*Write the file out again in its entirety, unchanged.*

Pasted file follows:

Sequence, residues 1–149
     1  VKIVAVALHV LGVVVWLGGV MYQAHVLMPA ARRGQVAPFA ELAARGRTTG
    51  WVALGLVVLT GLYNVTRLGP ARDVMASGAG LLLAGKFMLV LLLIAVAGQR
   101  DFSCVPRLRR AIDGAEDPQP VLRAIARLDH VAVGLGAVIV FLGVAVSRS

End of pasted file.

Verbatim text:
Sequence, residues 1–149
     1  VKIVAVALHV LGVVVWLGGV MYQAHVLMPA ARRGQVAPFA ELAARGRTTG
    51  WVALGLVVLT GLYNVTRLGP ARDVMASGAG LLLAGKFMLV LLLIAVAGQR
   101  DFSCVPRLRR AIDGAEDPQP VLRAIARLDH VAVGLGAVIV FLGVAVSRS